Aquis Querquennis

Via Nova: Roman road between Braga and Astorga - AquisQuerquennis 3D

Aquis3D 15 May, 2020 No Comments

The Via Nova (or Via XVIII) was one of the main roads of antiquity through the northern peninsula. Of the 3 great roads described in the Antonine Itinerary that cross current Galicia, it would seem that the Via XVIII was the most recently built, since its oldest milestones belong to the years 79-80 AD, when Emperor Titus, second of the Flavian dynasty, reigned in Rome.

Unlike the roads XIX and XX, which connected Braga and Astorga across the central-northern sector of Galicia, or the XVII, which described a wide arch through the Zamora and Leon plains, the road XVIII crosses the mountainous massifs of what today are the provinces of Orense and León, and the northernmost territories of neighbouring Portugal. It reached Asturica Augusta (Astorga), where it connected with other important main roads in the north and northwest of the peninsula.

Despite the fact that there are still unknown areas in its layout, it can be said that as a whole it has been quite well known for a long time, compared to the other great Roman roads in Galicia.

The general orientation of the road in this section goes in the SW-NE direction.

Army stop Roman miles Current towns (approximately) Distance from start (miles)
Bracara Augusta – Braga (Portugal) 0
Saliniana XXI Portela del Homem (Portugal) 21
Aquis Originis XVIII Riocaldo baths (Lobios, Orense) 39
Aquis Querquennis XIV Bande baths (Bande, Orense) 53
Geminas XVI Sandiás (Orense) 69
Salientibus XVIII Molgas baths (Orense) 87
Praesidium XVIII El Burgo (Orense) 105
Nemetobriga XIII Mendoia (A Pobra de Trives, Orense) 118
Forum XIX A Rúa de Valdeorras-A Cigarrosa (Orense) 137
Gemestario XVIII Portela de Aguiar (El Bierzo, León) 155
Castro Bergidum XIII Castro Ventosa-Cacabelos (El Bierzo, León) 168
Interamnium Flauium XX San Román de Bembibre(El Bierzo, León) 188
Asturica Augusta XXX Astorga (León) 218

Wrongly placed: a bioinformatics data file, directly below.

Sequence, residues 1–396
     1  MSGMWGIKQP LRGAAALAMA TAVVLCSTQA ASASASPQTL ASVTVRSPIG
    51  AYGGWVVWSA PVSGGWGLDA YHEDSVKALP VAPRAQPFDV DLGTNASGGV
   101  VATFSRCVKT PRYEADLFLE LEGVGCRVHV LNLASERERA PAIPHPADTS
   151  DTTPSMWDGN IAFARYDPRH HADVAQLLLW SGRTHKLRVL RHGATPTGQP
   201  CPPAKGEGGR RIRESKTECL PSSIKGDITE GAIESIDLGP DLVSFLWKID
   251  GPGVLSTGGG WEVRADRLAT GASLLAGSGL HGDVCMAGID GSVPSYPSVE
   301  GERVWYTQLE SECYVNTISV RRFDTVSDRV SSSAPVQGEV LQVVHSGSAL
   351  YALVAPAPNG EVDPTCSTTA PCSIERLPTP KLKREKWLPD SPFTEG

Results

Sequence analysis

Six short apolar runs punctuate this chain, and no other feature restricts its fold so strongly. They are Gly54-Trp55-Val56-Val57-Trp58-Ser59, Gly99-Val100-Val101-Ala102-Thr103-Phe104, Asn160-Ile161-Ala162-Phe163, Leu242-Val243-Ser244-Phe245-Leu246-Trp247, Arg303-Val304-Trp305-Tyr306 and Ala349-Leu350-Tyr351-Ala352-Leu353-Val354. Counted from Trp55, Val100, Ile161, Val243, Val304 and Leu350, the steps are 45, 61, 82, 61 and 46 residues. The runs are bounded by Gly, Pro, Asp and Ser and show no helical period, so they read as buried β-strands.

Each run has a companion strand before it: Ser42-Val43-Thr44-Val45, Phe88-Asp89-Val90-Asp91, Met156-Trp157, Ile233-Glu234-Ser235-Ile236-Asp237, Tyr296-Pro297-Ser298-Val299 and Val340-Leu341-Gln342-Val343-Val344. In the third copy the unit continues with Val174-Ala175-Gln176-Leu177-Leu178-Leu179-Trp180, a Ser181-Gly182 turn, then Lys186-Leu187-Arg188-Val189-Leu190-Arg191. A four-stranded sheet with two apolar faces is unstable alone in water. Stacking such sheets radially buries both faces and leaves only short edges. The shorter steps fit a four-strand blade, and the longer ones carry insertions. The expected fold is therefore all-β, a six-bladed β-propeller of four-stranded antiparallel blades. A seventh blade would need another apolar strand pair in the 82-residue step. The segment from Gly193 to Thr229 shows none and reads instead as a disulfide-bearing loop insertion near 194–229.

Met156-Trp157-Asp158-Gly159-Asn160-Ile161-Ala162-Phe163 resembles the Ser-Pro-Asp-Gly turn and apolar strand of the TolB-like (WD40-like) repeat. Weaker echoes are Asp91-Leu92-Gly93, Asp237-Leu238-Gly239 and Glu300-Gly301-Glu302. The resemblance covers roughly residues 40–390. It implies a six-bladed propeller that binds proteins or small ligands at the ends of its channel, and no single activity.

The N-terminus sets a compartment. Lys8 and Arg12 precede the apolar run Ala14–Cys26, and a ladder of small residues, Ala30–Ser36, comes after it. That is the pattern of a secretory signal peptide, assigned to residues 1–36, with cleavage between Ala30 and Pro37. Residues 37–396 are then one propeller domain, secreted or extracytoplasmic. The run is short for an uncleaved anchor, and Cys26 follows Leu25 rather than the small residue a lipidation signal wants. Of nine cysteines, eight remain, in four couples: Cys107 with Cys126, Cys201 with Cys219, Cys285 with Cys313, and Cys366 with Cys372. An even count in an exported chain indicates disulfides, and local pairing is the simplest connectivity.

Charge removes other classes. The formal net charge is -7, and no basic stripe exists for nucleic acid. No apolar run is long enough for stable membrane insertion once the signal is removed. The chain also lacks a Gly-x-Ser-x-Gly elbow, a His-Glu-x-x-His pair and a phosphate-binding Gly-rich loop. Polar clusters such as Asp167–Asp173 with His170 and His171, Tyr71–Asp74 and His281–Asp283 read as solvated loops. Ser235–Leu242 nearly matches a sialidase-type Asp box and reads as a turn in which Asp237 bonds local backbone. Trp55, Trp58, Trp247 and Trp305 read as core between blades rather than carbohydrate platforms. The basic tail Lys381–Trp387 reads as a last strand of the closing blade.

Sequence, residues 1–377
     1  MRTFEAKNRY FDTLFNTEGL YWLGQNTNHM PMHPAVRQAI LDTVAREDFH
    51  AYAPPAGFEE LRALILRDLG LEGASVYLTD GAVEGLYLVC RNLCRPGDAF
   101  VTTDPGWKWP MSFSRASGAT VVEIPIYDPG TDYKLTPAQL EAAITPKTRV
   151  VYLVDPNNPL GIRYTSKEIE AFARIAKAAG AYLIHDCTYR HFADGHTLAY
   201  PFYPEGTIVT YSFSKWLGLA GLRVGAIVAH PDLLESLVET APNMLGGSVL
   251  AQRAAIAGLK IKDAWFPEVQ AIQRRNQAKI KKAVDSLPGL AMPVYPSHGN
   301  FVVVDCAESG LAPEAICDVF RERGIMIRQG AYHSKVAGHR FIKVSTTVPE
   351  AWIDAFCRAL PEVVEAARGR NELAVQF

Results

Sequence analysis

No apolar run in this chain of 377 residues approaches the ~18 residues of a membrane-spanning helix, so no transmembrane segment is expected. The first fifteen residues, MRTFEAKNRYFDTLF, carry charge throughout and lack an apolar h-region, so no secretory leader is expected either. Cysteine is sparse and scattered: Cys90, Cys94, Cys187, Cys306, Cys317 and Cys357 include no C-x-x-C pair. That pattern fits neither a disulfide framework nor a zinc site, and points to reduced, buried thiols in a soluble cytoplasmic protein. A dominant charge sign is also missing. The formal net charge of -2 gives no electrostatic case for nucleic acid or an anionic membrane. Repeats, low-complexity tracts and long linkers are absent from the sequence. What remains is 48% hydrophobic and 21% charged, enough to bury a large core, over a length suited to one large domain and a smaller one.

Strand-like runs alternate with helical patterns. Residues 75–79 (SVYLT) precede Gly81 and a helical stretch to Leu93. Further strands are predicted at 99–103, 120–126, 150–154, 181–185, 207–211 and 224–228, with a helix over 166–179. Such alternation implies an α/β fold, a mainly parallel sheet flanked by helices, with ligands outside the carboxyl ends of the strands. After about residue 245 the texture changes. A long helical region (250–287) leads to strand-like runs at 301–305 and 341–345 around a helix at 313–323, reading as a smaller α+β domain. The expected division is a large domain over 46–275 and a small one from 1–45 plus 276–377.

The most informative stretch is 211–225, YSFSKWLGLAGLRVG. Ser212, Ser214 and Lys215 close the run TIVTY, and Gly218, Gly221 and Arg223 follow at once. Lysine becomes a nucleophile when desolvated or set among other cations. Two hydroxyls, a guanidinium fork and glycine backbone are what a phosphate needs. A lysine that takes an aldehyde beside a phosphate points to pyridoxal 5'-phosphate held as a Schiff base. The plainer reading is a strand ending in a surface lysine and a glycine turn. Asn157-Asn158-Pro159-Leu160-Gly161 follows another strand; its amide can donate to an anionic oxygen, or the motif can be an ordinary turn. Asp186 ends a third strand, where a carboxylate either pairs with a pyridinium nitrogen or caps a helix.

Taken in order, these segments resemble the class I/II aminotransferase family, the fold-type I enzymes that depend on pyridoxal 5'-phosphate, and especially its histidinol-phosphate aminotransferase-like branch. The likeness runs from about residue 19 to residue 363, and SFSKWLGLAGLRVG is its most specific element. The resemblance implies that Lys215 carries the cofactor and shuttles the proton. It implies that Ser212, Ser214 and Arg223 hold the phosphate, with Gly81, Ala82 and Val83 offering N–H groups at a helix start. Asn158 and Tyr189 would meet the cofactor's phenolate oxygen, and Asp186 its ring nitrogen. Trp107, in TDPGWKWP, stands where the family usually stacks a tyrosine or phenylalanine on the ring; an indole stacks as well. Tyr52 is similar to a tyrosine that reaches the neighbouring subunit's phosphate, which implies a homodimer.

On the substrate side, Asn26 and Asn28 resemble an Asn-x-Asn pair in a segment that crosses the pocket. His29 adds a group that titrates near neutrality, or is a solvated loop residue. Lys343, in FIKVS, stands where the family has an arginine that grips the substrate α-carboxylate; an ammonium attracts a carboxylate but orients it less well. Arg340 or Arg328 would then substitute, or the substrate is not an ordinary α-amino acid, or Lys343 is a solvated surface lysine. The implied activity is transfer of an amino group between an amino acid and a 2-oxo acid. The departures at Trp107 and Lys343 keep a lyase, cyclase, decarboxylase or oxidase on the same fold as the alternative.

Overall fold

So we know the road crossed the Limia river at the height of Pontepedriña, with documentary evidence of a Roman bridge which today is under the waters of the Las Conchas reservoir. It continued along the northern slope of the valley, passing through the vicinity of the Roman fort. Here, near the thermal springs, an army stop (mansio) was built, which was a hostel or market that received the name of Aquae Querquennae. The Via nova then crossed the Cadós river to head towards Sandiás following the Limia valley.

Depending on the area, the road was between 5-7 m wide, and its construction technique was very simple. In the first place, the area destined for its layout would be cleared, then the terrain would be levelled. Where the road passes through uneven terrain or in the middle of a hillside, clearings or embankments would be made; in fact, this road had a preference for the latter, which was quicker and cheaper.

The next step would be to bound the strict layout by digging ditches on its sides to collect the runoff water. Only then would the road itself begin to be laid. First, a layer of medium and small-sized stones would be placed as a platform to raise the ground level and facilitate drainage. It would be covered by other layers of sand and gravel until reaching the surface course, for which very different solutions could have been adopted.

Unfortunately, the Via Nova was found to be severely deteriorated at the time of its renovation, so it is not possible to define exactly what its upper layers were like. In addition, it is very possible that, with the passage of time and constant repair work, its appearance varied significantly with respect to the moment its foundation was laid.

Despite frequently crossing mountainous terrain, the road is smooth and tends towards the horizontal, avoiding steep slopes, with a documented maximum slope of 5.5-6°. It also attempts to fit to the terrain, with frequent curves and bends to overcome the local topographic conditions.